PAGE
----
I have read this thread with great interest, all the discussions about DOHC, transverse engines, AWD, flatplane crank V8s, etc. Actually, I'm lying, it was so tedious mainly because it is missing the point.
The thing about modern touring car/saloon car/sedan racing is that it is all about providing a safe spectacle. There's been a move by many major tin top series to make cars safer and at the same time provide a set of regulations that can equalise performance. Throw in shared components to lower costs and you have your modern racing touring car. So if you are worried that a car's performance has been throttled or a car doesn't relate to the road car it is supposed to represent, then Im afraid that's just tough.
In Britain, we are looking forward to a 30 plus grid of 'NGTC' spec cars this season in the BTCC. Cars from MG, Honda, Ford, Toyota, Mercedes, Audi and Proton. A set of rules that promotes development of diverse cars through shared components - sub frames, gearboxes, wheels, wiring looms. Hell, if you haven't got the right engine for the job you can buy an unbadged spec engine from the series organisers and plug it in. But you won't get people bleating about how it doesn't compare to the road car, mainly because the spectacle is worth the conceit.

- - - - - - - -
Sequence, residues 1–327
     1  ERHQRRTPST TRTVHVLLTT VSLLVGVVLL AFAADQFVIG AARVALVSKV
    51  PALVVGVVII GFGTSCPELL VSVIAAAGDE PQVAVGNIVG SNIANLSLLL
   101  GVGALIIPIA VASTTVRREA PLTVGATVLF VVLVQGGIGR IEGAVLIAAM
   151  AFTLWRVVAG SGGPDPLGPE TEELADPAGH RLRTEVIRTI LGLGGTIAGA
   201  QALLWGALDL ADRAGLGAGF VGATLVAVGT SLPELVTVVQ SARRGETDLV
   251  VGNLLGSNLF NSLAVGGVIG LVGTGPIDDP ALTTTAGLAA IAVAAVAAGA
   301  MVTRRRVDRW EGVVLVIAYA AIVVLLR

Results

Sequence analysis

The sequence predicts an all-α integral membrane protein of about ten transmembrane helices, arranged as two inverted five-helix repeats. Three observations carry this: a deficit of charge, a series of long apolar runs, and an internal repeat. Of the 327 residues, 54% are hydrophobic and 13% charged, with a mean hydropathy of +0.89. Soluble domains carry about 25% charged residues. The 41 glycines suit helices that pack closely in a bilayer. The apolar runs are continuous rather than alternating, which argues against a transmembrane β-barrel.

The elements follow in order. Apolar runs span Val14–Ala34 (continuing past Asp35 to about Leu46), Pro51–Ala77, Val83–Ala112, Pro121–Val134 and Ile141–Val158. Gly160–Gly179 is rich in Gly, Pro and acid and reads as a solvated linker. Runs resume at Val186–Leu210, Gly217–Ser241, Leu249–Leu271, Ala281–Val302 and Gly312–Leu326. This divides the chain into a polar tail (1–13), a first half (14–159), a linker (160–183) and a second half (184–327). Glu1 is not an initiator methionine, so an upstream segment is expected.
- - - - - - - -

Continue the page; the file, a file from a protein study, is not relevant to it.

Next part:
About the only main touring series which considers the purity of the cars recently was the WTCC, which in recently has been all about which was the fastest guy in a Chevrolet. Now that's dull.
It's all about the brand these days, not what's under the bonnet.The biggest 'win on Sunday, sell on Monday' event is the Le Mans 24 hours. Are you telling me you can get a Porsche 919 in the show rooms? Now I'm partial to WEC mainly because of the technological challenge, but I watch Touring Cars for the spectacle.
Anyway, back to Adelaide. Anybody who didn't hold their breath as the Volvo snuck down the inside needs to have a lie down in a dark room. That was racing!